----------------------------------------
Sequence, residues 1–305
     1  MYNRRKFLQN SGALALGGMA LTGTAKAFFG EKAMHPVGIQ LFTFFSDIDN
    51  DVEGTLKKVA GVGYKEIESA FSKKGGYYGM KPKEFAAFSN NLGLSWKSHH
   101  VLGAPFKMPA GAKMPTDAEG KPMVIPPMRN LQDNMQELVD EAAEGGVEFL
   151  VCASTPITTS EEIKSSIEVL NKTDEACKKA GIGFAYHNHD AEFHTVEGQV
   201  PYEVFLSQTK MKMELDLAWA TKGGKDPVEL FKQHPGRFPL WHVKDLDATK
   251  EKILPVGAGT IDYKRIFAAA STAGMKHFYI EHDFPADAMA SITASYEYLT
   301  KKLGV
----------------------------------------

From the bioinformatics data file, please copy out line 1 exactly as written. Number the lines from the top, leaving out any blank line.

Sequence, residues 1–305